Review: Black Mirror Season Five
After four seasons and an interactive ‘episode’/game, Black Mirror has covered a good deal of
issues and ideas regarding humanity and our relationships to and through tech.
While as tense and visually engaging as ever, Season five does not have the
depth of social analysis that made earlier Black
Mirror stand out.
The episodes’ setups remain over-the-top and occasionally quite campy.
The first episode features a new virtual reality platform where users are taken into a game’s world, experiencing the sensations and pain that their avatars feel. The episode brings up interesting questions about what it means to be embodied beings and sexuality, but seems like many of the interesting avenues that it could explore are only briefly glanced at. The episode does, however, manage to depict how relationships can go sour without attention and care and the challenges for men to maintain social contact into middle age.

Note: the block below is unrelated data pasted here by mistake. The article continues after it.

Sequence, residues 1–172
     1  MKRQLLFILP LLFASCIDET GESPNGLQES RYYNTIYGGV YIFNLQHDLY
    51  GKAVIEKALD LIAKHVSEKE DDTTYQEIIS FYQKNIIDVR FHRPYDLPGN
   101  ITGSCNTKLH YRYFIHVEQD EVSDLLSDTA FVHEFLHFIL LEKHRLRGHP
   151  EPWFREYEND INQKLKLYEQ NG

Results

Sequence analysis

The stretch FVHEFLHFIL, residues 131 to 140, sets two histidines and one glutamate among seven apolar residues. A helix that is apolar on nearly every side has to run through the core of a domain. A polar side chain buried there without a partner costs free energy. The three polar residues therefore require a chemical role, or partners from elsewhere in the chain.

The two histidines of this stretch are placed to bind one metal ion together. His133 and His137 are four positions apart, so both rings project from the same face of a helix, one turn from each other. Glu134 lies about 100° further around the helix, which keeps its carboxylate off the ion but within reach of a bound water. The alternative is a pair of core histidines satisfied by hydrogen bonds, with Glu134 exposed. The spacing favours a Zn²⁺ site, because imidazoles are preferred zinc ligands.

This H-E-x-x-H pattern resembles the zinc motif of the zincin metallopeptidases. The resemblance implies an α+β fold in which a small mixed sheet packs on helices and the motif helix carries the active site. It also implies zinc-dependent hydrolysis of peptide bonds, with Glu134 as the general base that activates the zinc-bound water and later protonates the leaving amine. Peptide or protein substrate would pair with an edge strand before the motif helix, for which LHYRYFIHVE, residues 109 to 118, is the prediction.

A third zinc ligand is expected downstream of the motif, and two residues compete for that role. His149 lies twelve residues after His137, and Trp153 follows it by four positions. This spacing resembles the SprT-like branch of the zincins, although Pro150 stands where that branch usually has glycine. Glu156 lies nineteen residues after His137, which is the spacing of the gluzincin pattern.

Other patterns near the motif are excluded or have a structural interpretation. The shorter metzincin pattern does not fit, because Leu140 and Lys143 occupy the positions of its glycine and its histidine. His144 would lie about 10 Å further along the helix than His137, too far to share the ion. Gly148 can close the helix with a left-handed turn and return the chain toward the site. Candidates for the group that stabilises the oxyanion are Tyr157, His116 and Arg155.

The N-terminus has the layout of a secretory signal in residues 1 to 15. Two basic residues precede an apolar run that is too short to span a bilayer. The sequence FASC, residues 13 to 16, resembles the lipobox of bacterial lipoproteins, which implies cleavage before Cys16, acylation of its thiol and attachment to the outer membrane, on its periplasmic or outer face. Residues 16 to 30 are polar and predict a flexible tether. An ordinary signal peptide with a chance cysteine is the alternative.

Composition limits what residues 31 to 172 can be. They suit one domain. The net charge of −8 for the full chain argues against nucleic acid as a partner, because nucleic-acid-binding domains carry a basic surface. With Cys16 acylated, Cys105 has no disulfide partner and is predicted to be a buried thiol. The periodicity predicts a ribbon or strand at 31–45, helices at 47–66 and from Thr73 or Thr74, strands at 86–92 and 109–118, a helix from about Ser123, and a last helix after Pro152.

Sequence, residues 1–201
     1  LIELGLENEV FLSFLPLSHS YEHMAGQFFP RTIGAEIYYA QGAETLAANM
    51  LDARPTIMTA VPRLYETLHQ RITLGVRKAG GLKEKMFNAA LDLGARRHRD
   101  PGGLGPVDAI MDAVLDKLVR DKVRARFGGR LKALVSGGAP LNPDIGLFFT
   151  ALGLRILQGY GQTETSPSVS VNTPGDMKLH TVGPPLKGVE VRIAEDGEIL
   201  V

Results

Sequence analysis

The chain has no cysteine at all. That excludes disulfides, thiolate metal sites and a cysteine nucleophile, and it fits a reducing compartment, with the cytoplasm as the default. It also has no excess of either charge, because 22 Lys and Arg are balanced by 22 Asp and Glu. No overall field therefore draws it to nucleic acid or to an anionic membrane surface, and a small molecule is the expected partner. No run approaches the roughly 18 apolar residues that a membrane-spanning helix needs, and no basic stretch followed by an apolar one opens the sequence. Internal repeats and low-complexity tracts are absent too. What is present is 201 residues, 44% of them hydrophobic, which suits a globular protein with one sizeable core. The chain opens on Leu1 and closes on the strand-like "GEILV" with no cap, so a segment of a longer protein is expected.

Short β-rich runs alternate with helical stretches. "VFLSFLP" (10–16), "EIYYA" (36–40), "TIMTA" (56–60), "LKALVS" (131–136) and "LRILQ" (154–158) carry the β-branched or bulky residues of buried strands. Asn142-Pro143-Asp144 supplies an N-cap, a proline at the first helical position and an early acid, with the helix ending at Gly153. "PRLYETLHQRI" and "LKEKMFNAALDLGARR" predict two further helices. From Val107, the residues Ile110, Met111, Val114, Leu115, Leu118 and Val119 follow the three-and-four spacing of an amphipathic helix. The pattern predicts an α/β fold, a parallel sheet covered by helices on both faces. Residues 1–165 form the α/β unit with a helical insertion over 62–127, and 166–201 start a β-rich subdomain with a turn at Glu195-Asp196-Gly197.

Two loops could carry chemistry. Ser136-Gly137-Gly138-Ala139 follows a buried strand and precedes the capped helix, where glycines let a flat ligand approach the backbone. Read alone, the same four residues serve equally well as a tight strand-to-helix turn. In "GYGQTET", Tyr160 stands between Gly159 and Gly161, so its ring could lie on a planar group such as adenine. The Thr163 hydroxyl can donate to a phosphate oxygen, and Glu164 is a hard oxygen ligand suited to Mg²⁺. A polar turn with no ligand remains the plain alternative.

The second revolves around a hostage situation where a
kidnapper demands to speak to the head of a Facebook-esque company. Tension is
maintained well throughout the episode’s standoff, and the episode’s ending is
quite strong. Much of the episode’s social commentary, however, is utterly predictable.
Many of the usual notes about social media being addictive are there, like
boxes to be ticked off and there is little more depth on offer.
Episode three stands out as perhaps the most interesting of the season. Miley Cyrus plays a pop star who is forced to perform, drugged up along the way by her overbearing manager Aunt. In what might seem like a thinly veiled swipe at Cyrus’ previous Hannah Montana persona, she constantly throws out a pre-packaged ‘inspirational’ message, one that lies far from who she really is. The dissonance between her actual identity and the twee version presented in a new AI doll (similar in some ways to the likes of Alexa) calls some attention to the mass-produced ‘inspo’ culture that is prevalent online. Cyrus’ performance in this episode is one of the show’s standouts.
At only three episodes this season feels short. Although this is in keeping with tradition (season one had only three episodes), the chance to see more would have been welcome.
Despite lacking the same intelligence that made earlier seasons work, Black Mirror’s fifth season remains interesting, tense viewing.
All five seasons of Black Mirror are currently streaming on Netflix
Jonathan Foye is Insights’ Editor